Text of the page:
How do you feel when you read Edison’s words? What steps have you found helpful in working to reach your potential? Share with me on Facebook, Twitter, and Instagram! Use #joansjots.

Control how you react to change.

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The art of life is constant readjustment in the face of change. Shifts in the market … pandemic protocols and how they affect your family, your health, and your business … changes in the political landscape … life transitions … to be frank, the list is endless. It can be easy to feel like you’re in over your head. While we have no control over any change itself, there is one thing you can control. 

I’ve been reflecting on this topic lately, since I returned from a Bright MLS retreat where I heard Colonol Gregory Dimitri Gadson speak. He is a West Point graduate, motivational speaker, and retired colonel in the United States Army. He is also a bilateral above-the-knee amputee. In 2007, while returning from a memorial service for two soldiers from his brigade, he lost both his legs and severely injured his right arm in a roadside bombing in Baghdad. Colonel Gadson went on to join the Giants as a captain, helping lead the team to two Super Bowl rings. He is now an avid skiier and sky diver.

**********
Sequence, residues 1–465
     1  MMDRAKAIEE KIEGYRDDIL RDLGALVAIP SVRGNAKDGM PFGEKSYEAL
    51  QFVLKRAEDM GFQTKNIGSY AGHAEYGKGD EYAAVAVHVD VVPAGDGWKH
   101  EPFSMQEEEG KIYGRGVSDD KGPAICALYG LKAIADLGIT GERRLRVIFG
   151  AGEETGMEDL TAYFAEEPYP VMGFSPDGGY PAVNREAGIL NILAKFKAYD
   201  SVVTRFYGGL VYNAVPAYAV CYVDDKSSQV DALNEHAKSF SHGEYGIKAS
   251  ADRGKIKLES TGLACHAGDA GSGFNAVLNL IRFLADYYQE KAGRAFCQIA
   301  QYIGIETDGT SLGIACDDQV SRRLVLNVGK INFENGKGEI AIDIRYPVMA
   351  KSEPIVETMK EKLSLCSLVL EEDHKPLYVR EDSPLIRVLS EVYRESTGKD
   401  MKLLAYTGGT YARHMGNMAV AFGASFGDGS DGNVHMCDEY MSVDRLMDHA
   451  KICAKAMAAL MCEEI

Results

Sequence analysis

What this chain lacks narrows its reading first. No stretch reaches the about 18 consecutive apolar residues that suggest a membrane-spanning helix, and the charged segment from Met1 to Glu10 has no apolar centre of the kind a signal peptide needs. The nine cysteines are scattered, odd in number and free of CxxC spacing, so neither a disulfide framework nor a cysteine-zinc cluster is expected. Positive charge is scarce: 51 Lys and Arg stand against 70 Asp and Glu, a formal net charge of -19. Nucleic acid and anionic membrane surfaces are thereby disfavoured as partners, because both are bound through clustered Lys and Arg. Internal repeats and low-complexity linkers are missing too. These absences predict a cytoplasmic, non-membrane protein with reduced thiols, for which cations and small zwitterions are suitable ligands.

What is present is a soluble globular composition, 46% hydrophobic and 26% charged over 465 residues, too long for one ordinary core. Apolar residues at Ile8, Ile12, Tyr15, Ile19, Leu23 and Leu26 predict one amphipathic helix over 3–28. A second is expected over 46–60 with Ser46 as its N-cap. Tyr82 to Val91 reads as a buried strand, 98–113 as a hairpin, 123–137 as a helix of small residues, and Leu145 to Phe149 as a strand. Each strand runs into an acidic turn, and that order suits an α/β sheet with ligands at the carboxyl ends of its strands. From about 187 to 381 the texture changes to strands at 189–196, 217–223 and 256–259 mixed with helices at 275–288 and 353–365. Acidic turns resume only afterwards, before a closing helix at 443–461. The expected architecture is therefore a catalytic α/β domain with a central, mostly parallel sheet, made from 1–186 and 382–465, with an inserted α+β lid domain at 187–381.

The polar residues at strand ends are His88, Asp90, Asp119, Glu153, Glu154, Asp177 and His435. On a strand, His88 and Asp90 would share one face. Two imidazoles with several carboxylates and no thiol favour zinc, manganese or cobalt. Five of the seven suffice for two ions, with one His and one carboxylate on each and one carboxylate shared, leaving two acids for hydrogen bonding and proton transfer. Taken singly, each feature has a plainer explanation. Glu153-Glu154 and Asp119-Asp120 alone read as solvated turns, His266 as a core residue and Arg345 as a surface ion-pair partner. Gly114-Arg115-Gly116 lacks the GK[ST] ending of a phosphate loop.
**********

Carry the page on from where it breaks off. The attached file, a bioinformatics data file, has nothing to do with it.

Despite major changes in his life, Colonel Gadson said that he is able to continue to thrive because his leadership and strength come from his mind and heart. He also made a conscious decision to have a positive attitude. I know that each of you out there may be struggling with different challenges, but Colonel Gadson’s main message is applicable to all of us. It’s this:

Be in control of how you react to change because that is the only thing you can control.

It’s essential to accept the fact that you can’t control that endless list of changes life will throw your way. The good news is that you will always have a choice of how you react. Your attitude will determine the quality of your life, just like it has for Colonel Gadson. 

I hope this message brings a little hope and inspiration to your day. And to those of you currently confronting changes — whether they be internal or external — I wish you strength and resiliency. 

Do you think it’s good advice to focus on how you react to change rather than dwelling on the change itself? Share with me on Facebook, Twitter, and Instagram! Use #joansjots.

Engage with your community now.